Thursday, 7 November 2013


East African Community lawyers plan to meet to discuss draconian media laws being enacted in the region.
The East Africa Law Society president, Mr James Aggrey Mwamu, said Kenya, Uganda, Tanzania, Burundi and Somalia have adopted a pattern of media suppression.
“Governments in the region are jointly suppressing democratic freedoms by using unconstitutional laws to gag journalists and the media,” Mr Mwamu (right) said.
He noted that media freedom would be among the core issues to be discussed in depth at the annual conference on November 15 and 16 at The Whitesands Hotel in Mombasa.
The conference theme is “Raising the Bar: The Changing Environment for the Legal Profession in East Africa”. It will bring together lawyers in Kenya, Uganda, Tanzania, Rwanda and Burundi.
“We are dismayed that the Kenyan Parliament last week passed into law Acts which suppress freedom of information under Article 35 of the Constitution,” Mr Mwamu said.
The EALS president regretted that intolerance to media freedom has also being intensified in Tanzania with the recent suspension of two newspapers for alleged violation of stringent media laws.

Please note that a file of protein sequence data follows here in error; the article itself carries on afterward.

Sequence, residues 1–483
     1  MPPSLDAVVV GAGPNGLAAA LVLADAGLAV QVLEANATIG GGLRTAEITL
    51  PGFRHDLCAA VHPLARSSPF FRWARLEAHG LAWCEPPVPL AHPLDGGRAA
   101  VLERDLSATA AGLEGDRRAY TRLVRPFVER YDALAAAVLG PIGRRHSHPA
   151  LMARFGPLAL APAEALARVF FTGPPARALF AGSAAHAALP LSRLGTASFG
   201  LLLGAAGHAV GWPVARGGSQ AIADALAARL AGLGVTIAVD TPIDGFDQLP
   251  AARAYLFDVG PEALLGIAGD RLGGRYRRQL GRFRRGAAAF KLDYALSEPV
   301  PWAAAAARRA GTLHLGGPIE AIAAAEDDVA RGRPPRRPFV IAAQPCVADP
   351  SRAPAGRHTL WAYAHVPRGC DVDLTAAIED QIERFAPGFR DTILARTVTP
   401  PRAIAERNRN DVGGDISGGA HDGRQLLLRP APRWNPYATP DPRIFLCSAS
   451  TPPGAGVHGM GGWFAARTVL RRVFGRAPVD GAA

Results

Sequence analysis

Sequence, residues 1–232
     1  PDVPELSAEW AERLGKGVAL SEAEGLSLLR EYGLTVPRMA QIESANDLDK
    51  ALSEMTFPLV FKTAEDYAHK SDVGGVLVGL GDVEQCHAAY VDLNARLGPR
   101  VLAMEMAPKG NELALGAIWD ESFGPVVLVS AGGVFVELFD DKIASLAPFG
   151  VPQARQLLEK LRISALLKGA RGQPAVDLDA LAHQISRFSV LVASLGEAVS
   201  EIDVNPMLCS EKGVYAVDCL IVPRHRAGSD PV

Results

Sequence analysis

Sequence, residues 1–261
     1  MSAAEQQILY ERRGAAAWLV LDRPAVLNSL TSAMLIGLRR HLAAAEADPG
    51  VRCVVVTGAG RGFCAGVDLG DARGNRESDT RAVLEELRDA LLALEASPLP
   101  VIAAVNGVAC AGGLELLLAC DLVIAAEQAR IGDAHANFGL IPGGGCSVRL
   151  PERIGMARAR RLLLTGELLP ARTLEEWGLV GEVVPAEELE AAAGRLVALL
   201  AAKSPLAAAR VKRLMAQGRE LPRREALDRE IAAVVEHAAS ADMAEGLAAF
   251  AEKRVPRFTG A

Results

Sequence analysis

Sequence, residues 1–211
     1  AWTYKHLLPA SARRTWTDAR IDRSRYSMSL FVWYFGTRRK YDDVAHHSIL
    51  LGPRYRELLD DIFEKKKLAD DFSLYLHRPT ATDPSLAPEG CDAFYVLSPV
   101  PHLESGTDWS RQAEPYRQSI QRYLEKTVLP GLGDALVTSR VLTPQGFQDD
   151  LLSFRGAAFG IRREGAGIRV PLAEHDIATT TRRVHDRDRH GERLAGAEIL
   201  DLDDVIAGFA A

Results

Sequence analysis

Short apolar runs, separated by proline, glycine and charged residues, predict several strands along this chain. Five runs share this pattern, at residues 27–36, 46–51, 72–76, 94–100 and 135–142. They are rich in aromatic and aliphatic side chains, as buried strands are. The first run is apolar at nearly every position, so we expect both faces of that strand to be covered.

“The Ministry of Information stopped the publication of Mwananchi newspaper and Mtanzania, alleging violation of secrecy and sedition laws,” Mr Mwamu said.
He also recalled how the Daily Monitor newspaper was raided and shut down for 10 days in May after allegedly publishing a politically sensitive story in Uganda.
The Daily Monitor was allowed to reopen on the promise that it would not publish material that might disturb law and order or generate tension,” Mr Mwamu said.
The EALS president also regretted that journalists were also reportedly being harassed and intimidated in Uganda when covering political stories like arrests of Mr Kizza Besigye.
“There are also concerns on violent deaths of journalists, such as that of Thomas Pere in June,” Mr Mwamu said.
He added that Burundi President Pierre Nkurunziza is about to sign into law a media Bill recently passed by the Parliament in April.
“The Burundi Senate passed a draft media law despite opposition from journalists and the international community,” Mr Mwamu said.
According to a rights lobby, Human Rights Watch, the new law (in Burundi) would interfere with media independence by forcing journalists to disclose sources and imposing minimum requirements for journalists’ education and experience.
Under the proposed Bill, journalists will be required to have at least two years of professional experience in addition to a university degree.
In addition, the media will be banned from covering “sensitive” issues including public security, national defence and the economy.
Violations still carry penalties that HRW said most Burundian media outlets would not afford.

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